Windows systems

Liming Gao edited this page Oct 17, 2018 · 14 revisions

This page provides step-by-step instructions or setting up a EDK II build environment on Windows systems.

Table of Contents

GitHub Help

GitHub ( provides step-by-step instructions for user registration and basic features supported by GitHub.

Git GUI Interface for Windows OS

GitHub EDK II Project Repositories

Content that is not released under an accepted open source license can be found at
Note: the steps below will pull the latest code from edk2 master. To work from a stable release, please refer to the Microsoft Windows build steps for UDK2017:

Internet proxies

If your network utilizes a firewall with a web proxy, then you may need to configure your proxy information for various command line applications to work. You may need to consult with your network administrator to find out the computer name and port to use for proxy setup. The following commands are common Git Bash examples of how you would configure your proxy by setting an environment variable:

    $ git config --global https.proxy <proxyname><port>
    $ git config --global http.proxy <proxyname><port>

How to Setup the EDK II Tree

Note: Some of the following examples use the Multiple Workspace feature to configure the EDK II BaseTools. More information on the Multiple Workspace feature can be found at the following location.


Download/Checkout the EDK II source tree from Github

Download Using a Web browser

  1. Download EDK II Project
    1. Open in web browser
    2. Click on the Clone or Download button (Right Green)
    3. Click on Download ZIP
    4. Unzip to C:/
    5. Rename directory “edk2-master” to “edk2”
Continue to Compile Tools

Using Git for Windows Application


  1. Clone the EDK II project repository
    1. Open Git GUI
    2. Use Clone Exiting Repository with Source location
    3. Select a Target directory C:/edk2
    4. Check Recursively clone submodules too
    5. click Clone button
Continue to Compile Tools section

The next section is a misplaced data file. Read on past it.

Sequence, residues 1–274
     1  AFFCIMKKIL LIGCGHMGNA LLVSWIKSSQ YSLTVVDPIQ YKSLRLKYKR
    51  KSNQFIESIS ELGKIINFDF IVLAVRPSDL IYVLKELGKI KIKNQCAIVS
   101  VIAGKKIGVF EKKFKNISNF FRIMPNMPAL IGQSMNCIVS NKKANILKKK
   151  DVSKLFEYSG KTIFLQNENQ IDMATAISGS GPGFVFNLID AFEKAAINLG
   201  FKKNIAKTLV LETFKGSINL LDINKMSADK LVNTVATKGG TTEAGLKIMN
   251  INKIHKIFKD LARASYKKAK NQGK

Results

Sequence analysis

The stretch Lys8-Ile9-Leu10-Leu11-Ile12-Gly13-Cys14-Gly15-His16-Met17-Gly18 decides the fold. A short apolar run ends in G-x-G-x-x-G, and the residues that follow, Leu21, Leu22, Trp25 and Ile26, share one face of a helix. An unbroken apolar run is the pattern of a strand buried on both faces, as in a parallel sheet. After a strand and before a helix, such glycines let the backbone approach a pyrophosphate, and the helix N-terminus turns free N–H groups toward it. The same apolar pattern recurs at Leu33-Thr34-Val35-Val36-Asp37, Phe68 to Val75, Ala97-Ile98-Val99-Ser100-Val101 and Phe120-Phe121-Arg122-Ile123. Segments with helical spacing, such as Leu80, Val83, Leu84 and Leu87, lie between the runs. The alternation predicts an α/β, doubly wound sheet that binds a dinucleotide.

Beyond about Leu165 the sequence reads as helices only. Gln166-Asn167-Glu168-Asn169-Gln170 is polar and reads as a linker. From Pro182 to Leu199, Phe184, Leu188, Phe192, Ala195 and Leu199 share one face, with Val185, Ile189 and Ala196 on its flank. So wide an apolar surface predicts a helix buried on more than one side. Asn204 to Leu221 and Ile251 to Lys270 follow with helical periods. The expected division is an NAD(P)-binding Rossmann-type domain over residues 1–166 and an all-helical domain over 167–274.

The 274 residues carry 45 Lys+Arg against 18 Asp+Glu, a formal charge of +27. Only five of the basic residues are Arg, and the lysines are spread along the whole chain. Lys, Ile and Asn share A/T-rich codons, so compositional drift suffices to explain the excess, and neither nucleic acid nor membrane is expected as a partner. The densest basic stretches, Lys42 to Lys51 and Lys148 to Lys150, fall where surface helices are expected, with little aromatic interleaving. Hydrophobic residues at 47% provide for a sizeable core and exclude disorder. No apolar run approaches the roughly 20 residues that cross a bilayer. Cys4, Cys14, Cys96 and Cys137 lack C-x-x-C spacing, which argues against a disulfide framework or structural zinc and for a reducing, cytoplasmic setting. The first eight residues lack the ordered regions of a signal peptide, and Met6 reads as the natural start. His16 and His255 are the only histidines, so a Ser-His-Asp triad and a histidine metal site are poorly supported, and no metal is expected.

If you use the command line version, then you can easily checkout the edk2 to the C:\edk2 directory with the following git command: Main repository:

    $git clone

Continue to Compile Tools and then BUILD sections

Compile Tools

For EDK II project developers on Windows with source BaseTools:
  • Create a workspace directory
  • Change to the workspace directory
  • Clone the EDK II project repository (See Download section above)
  • Install Python27 ( to run python tool from source
    • PYTHON_HOME - set it as Python27 installation directory
  • Compile BaseTools C source tools
  • Inside Git Bash
     $ git clone
Compile BaseTools


  • Open Command prompt and CD C:\edk2:
     C:\edk2> set PYTHON_HOME=C:\Python27
     C:\edk2> edksetup.bat Rebuild


  • Set up the Nasm open source assembly compiler
  • Set up the ASL Compiler
  • Compile Tools above
  • Open a Windows CMD prompt:
  • Change to the edk2 directory
  • Run the edksetup.bat script
      C:\Users\MySid> CD \edk2
      C:\edk2> edksetup

Build MdeModulePkg

Modify Conf files

You will need to edit the Conf\target.txt file. First, change the ACTIVE_PLATFORM to the MdeModulePkg:

C:\edk2> notepad Conf\target.txt

ACTIVE_PLATFORM should look like this in Conf\target.txt:

ACTIVE_PLATFORM       = MdeModulePkg/MdeModulePkg.dsc

Modify TOOL_CHAIN_TAG in target.txt for the toolchain installed on your system. There are many options, so review the tools_def.txt to find the appropriate toolchain for your system. Search for 'Supported Tool Chains' in tools_def.txt to see the valid options for TOOL_CHAIN_TAG.

TOOL_CHAIN_TAG        = VS2015x86

See also: Windows-systems-ToolChain-Matrix for how to change the Tool Chain Tag.

Also, consider if you want to build a different processor architecture by changing the TARGET_ARCH value in target.txt. Please consider that certain toolchains only support building certain processor architectures.

Build Hello World! (and the rest of MdeModulePkg)

Now you should be able to simply run the build command to compile the MdeModulePkg.

C:\edk2> build

As a tangible result of the build, you should have the HelloWorld UEFI application. If you have a UEFI system available to you which matches the processor architecture that you built, then this application should be able to run successfully under the shell.

C:\edk2> dir /s Build\MdeModule\DEBUG_...\IA32\HelloWorld.efi


Once your build environment is set up you might be interested in building the OVMF platform which is included in the main edk2 source tree. Since OVMF builds a full system firmware image this may be of interest to UEFI system firmware developers.

See Also

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